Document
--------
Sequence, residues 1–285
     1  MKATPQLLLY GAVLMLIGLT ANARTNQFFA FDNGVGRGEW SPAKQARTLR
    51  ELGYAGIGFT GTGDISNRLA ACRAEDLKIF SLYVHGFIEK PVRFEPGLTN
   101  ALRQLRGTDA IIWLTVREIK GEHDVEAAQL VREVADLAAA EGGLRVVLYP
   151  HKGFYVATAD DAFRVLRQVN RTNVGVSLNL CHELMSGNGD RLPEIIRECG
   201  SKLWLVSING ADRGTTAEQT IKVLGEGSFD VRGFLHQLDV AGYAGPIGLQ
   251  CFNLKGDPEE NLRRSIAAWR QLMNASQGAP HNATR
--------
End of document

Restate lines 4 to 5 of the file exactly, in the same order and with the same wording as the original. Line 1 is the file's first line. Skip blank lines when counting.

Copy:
   101  ALRQLRGTDA IIWLTVREIK GEHDVEAAQL VREVADLAAA EGGLRVVLYP
   151  HKGFYVATAD DAFRVLRQVN RTNVGVSLNL CHELMSGNGD RLPEIIRECG